• KAL Flight 801 crashed in Guam on August 6, 1997, was mainly due to a lack of situational awareness resulting in “controlled flight into terrain (CFIT).” The captain prior to flying to Guam had flown from Seoul to Australia, back to Seoul, to Hong Kong, and then back to Seoul again before his fateful trip to Guam, including only a few hours of rest in between.
  • Cessna 177B Cardinal was flown by Joe Reid, pilot-in-command in which he, seven-year-old Jessica Dubroff and her father were killed. He suffered fatigue from the first day’s flight.
  • On August 18, 1993, a Connie Kalitta DC-8 crashed on a 1/4-mile base leg to final. The flight crew had been on duty for 18 hours and flown nine, thereby experiencing sleep loss and a disruption of their circadian rhythms.
  • ‘On January 2, 1989, the captain of a 707 tried to maneuver his plane to land in Salt Lake City after breaking out of the clouds at 200 feet. He dragged his left, outboard engine on the runway, leaving a 60-foot-long groove. Within the preceding 30 hours, he had been on duty for 19 hours, and flown 13 hours. He had been off duty for almost 12 hours, but was only able to get one hour of sleep in that time’ (Printup, 2000).
  • In August 1985, the crew of a Learjet killed themselves and their passenger in a failed approach to Gulkana, Alaska. One of the contributing factors was that the company would shift the crew’s duty/rest requirements from FAR Part 135 to those of FAR Part 121, thereby disrupting their sleep patterns and inducing fatigue (Printup, 2000).


Based on several reports a number of countermeasures have been devised to improve alertness to counter fatigue. Preventive measures like 3-4 hours of sleep can restore alertness for 12-15 hours and 10-30 minutes of sleep can do it for about 3-4 hours. Similarly it is advised to rest for 15-20 minutes after awakening and before flying.

Some of other means to restore alertness are:-

  • Consumption of high protein diet and less intake of fat and high carbohydrate food.
  • Consumption of large quantities of fluids.
  • Use of caffeine to work against fatigue symptoms if awake for 18 hours or less.
  • Due rotation of flight tasks and frequent conversation with other crewmembers
  • Maintenance of temperature inside the deck to lower levels.
  • Frequent movement of body parts and a possible walk in the cabin.
  • Gradually shift times for sleep, meals, and exercise to adjust to a new time zone (Strauss, n.d.).


For the safety of pilots as well as passengers the issue of pilot fatigue is of major concern. Growing number of aircrafts in the sky also means longer durations of flight for the pilots, which is a major cause of this problem. History bears the testimony to the fact that fatigue has resulted in numerous aviation accidents resulting in the loss of thousand of lives. To save more lives from getting lost there is a need to solve this problem. Allowing flexible schedules for the pilots is the only viable solution in sight at the moment. Our lives are getting busier and it would be wonderful if they become safer as well.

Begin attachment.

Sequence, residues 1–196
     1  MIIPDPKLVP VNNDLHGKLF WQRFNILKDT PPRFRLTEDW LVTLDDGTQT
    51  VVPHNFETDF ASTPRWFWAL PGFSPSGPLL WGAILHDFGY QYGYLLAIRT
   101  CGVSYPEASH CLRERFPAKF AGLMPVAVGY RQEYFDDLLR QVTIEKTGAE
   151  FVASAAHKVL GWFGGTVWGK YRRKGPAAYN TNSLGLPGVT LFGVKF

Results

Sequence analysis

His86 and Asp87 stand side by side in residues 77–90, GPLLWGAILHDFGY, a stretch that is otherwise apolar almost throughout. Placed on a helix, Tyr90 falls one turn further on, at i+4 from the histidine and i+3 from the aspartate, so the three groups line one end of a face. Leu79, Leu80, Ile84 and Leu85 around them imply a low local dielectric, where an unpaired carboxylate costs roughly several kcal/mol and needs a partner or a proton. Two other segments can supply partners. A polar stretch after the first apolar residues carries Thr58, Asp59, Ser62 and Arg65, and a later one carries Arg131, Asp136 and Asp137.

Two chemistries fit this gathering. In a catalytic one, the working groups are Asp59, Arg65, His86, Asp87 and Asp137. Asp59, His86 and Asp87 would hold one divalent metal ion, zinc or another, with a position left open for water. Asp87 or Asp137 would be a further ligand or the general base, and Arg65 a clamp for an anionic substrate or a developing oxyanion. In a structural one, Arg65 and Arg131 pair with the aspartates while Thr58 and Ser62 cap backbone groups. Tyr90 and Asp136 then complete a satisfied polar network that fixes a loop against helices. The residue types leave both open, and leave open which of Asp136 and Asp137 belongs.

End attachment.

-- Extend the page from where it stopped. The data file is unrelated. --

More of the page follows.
Dawson, Drew and Reid, Kathyryn. (August 1997). Fatigue, Alcohol and Performance Impairment.  Retrieved December 1, 2007, from http://www.eurocockpit.be/media/Dawson-Reid-1997.pdf

Dr Samuel Strauss. (n.d.). Pilot Fatigue. Retrieved December 1, 2007, from http://aeromedical.org/Articles/Pilot_Fatigue.html

Goode, Jeffrey H. (27 March 2003). Are pilots at risk of accidents due to fatigue?. Retrieved December 1, 2007, from http://www.eurocockpit.be/media/Goode-2003.pdf

Heath, Brad and Levin, Alan. (Nov. 8, 2007). Fatigue plays role in aviation mistakes. Retrieved December 1, 2007, from http://www.azcentral.com/arizonarepublic/news/articles/1108sleepypilots1108.html

Mann, Michael B. (August 3, 1999). Statement of Michael B. Mann Deputy Associate Administrator Office of Aero-Space Technology National Aeronautics and Space Administration. Hearing on Pilot Fatigue Before the Aviation Subcommittee of the

Committee on Transportation and Infrastructure United States House of Representatives. Retrieved December 1, 2007, from  http://www.hq.nasa.gov/office/legaff/mann8-3.html

Printup, Mark Brandon. (September, 2000). Guest Editorial: The Effects Of Fatigue On Performance And Safety. Retrieved December 1, 2007, from

Rosekind, Mark R. (November 1994). Fatigue in Aviation. Retrieved December 1, 2007, from http://cf.alpa.org/internet/projects/ftdt/alpmag/FATIGUE.html

Samel, Alexender,  Wegmann, Hans Martin and Vejvoda, Martin. (1997). AIR CREW FATIGUE IN LONG-HAUL OPERATIONS. Retrieved December 1, 2007, from http://www.eurocockpit.be/media/Samel-Wegmann-Veivoda-1997.pdf